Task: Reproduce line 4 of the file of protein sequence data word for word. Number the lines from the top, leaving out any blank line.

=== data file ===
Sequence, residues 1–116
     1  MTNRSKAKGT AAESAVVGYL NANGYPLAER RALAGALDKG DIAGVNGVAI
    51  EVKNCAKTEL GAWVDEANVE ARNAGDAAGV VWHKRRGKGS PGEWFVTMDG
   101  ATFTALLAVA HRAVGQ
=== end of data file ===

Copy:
   101  ATFTALLAVA HRAVGQ